INDIANAPOLIS, Ind. -- A lot more people are using websites like Airbnb to go on vacation and save money, but you need to keep an eye out for scammers, too.
Among the pages and pages of listings on Airbnb, there was one for a "Brand New Luxury Executive Penthouse" in Denver, hosted by Kimberly. Only the kind-looking host who said she "has an amazing place for you guys to enjoy," had no idea.
"It’s definitely not mine. It was the first I’ve ever seen of it," Kim Wilson said.
The posting had Wilson's photo on it, one that was publicly available online, but it wasn't her penthouse. A friend sent it to her, and she quickly realized she was being impersonated.
"To see my name and my face attached to something that was just so untrue was definitely jarring," Wilson said.
The fake profile was even "verified," a process on Airbnb that can be as easy as setting up an email account and linking it to the site.
So, CBS4's Jill Glavan sat down with as close to Airbnb experts as you can get: a young couple and a real estate agent, who all rent out a space on the website.
"Most everyone we know, it seems like, has used it at some point or another," host Ryan Utnage said.
Utnage and Natalie Mathias used Airbnb on a visit to St. Louis last summer, and had such a good experience that they decided to start renting out Mathias' empty condo in Bloomington.
"When we came back it kind of just hit us that we had an extra space and we should probably just rent it out," Utnage said.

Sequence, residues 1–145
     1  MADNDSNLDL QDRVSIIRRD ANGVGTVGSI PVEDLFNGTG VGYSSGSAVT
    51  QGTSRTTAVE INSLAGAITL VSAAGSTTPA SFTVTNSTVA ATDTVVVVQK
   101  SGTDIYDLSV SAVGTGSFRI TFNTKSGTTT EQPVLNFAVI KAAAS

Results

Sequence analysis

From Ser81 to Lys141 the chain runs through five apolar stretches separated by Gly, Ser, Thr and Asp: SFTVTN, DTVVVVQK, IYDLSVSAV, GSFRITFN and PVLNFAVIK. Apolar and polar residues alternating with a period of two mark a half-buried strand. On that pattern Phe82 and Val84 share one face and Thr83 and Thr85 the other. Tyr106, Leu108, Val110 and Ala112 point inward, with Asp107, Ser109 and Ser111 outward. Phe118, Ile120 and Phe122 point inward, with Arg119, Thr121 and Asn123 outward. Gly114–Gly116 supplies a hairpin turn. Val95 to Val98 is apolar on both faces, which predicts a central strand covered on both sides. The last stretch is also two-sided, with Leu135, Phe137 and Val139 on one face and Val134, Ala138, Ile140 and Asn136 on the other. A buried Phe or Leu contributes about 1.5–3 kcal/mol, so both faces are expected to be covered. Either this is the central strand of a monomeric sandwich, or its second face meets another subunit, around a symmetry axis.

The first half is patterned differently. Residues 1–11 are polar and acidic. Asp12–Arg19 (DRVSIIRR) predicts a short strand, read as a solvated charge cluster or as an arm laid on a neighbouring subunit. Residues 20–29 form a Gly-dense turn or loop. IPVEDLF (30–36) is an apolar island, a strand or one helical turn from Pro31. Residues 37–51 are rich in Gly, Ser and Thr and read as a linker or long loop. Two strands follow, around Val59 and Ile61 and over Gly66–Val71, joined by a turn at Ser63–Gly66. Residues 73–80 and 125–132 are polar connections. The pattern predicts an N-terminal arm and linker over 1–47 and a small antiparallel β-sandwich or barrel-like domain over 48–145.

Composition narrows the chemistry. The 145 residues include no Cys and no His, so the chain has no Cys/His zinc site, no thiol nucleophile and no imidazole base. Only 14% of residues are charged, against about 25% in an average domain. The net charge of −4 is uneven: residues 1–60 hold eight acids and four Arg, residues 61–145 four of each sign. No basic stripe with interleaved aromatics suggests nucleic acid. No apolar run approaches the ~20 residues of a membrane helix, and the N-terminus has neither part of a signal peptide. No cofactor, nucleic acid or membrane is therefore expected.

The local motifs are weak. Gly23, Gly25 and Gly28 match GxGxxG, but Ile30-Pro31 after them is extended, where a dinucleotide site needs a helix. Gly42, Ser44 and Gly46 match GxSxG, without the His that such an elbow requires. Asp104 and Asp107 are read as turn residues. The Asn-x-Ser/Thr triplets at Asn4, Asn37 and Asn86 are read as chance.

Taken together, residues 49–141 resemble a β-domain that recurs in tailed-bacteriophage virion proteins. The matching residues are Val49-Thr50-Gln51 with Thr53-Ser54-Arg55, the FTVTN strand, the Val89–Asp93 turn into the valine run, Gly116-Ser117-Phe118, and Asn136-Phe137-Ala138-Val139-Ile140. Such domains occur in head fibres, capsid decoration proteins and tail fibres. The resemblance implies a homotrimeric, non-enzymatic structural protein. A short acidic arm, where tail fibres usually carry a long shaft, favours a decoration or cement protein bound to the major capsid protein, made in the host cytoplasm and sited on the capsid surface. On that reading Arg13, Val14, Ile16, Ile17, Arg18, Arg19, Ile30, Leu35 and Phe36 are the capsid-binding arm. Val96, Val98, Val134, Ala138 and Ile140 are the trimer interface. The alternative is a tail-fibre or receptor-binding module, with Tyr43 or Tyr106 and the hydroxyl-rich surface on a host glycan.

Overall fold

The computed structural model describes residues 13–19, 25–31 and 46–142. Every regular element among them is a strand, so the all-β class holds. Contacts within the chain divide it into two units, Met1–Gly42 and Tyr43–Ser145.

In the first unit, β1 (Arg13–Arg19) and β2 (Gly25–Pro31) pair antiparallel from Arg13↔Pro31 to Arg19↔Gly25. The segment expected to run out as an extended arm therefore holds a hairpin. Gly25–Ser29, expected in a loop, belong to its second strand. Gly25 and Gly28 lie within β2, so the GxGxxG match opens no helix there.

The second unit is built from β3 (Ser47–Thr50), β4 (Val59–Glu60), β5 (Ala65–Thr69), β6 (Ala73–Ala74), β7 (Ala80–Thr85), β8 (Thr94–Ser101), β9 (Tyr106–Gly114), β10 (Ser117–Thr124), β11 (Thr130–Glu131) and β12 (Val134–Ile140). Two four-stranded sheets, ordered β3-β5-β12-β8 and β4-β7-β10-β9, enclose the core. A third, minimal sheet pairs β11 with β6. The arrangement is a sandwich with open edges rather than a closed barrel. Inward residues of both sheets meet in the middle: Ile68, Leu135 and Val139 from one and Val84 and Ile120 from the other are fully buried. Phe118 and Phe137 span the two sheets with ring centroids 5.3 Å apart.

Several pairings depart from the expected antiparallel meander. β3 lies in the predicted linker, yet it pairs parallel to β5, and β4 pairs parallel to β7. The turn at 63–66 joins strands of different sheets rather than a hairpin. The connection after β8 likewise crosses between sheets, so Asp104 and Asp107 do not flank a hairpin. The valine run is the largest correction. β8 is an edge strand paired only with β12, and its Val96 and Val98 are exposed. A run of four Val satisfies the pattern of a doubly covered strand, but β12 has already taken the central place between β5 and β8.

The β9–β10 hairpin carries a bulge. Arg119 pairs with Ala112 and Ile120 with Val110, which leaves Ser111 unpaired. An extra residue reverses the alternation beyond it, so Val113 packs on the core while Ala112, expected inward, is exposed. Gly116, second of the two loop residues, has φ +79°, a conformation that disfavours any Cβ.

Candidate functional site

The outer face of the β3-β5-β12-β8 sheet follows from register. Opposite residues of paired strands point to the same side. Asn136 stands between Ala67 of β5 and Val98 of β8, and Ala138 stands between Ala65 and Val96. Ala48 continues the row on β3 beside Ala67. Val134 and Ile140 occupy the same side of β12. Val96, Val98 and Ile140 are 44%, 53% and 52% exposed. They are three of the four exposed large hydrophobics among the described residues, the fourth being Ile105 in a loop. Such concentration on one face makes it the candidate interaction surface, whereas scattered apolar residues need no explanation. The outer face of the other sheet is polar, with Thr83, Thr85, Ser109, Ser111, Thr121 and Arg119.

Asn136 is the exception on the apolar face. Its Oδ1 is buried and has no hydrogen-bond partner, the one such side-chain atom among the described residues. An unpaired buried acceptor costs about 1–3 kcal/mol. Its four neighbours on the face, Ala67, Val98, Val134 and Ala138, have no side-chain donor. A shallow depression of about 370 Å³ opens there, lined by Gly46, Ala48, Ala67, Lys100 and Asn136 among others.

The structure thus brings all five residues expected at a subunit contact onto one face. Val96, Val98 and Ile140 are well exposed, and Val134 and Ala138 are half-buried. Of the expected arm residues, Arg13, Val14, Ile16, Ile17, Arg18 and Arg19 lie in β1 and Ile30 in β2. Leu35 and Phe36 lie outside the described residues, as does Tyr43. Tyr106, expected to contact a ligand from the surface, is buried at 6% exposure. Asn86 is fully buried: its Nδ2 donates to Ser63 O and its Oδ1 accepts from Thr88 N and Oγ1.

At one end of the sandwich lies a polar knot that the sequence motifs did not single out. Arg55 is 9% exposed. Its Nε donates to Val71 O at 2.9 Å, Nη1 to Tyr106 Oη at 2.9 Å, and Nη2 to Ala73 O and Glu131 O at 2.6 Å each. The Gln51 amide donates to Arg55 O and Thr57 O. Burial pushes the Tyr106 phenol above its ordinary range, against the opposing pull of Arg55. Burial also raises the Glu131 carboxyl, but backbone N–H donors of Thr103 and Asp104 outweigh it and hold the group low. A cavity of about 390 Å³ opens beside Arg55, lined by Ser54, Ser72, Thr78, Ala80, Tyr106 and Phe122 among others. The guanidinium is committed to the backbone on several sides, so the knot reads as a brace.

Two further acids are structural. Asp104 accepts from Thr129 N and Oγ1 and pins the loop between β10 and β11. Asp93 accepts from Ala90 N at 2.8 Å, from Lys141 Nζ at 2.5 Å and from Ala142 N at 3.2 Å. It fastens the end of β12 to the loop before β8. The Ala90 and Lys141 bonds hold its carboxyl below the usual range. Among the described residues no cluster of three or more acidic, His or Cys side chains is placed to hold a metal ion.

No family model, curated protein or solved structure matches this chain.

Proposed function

The couple said that in their experience, the site is easy to use and safe. They suggest you read the reviews, which can be a way to spot a legitimate property.
"Peer reviews (are) everything at this point. It’s the most credible source now, is somebody who’s actually stayed there," Utnage said.
John Creamer, a real estate agent in Indianapolis, decided to rent out the small efficiency apartment in a building he owns, starting back in May. Again, it was a good experience that led him to become a host.
"I had stayed in an Airbnb three years ago in Washington D.C. ... We’ve been pretty successful. I would say three out of four weekends are used up and typically one week a month," Creamer said.
For everyone who uses the site, money is exchanged through Airbnb, and not by hand. That's the easiest way to avoid a scam: the company says you should never exchange money outside of their secure site.
"Like anything else it’s always, buyer beware," Wilson said.
She took action, and found the easiest way to contact Airbnb to be through their "Airbnb Help" Twitter account, where they answer dozens of messages an hour.
Within a day, the listing and fake profile were down. Wilson said she is more cautious now, and wants people to pay attention, because her case clearly shows that scammers are out there and they could turn your relaxing vacation upside down.
"I guess I may be a little more skeptical than I was before," Wilson said.
A spokesperson provided this statement about Wilson's ordeal:
"We deactivated this account when we were notified of the problem, then removed the profile when we determined the user violated our policies. There have been over 100 million guest arrivals on Airbnb and negative experiences are extremely rare. We work very hard to help hosts and guests have the ability to make the most informed decisions they can. The safety of the Airbnb community is the single most important thing we work on every day."
The company also provided some links to helpful information so you don't get scammed:
We provide information on our website on how to identify if an email is from Airbnb.
We will never ask you to pay through your email. If you receive a personal email from anyone (including an firstname.lastname@example.org or any other email@example.com email address) asking you to pay or accept payment off-site, immediately report it to firstname.lastname@example.org and end communication with the sender.